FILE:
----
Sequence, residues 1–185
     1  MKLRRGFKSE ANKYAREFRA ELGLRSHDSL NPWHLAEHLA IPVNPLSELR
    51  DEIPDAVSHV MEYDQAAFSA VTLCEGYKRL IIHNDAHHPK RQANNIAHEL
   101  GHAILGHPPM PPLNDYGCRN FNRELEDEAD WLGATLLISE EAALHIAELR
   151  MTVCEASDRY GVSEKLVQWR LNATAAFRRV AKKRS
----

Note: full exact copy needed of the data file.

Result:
Sequence, residues 1–185
     1  MKLRRGFKSE ANKYAREFRA ELGLRSHDSL NPWHLAEHLA IPVNPLSELR
    51  DEIPDAVSHV MEYDQAAFSA VTLCEGYKRL IIHNDAHHPK RQANNIAHEL
   101  GHAILGHPPM PPLNDYGCRN FNRELEDEAD WLGATLLISE EAALHIAELR
   151  MTVCEASDRY GVSEKLVQWR LNATAAFRRV AKKRS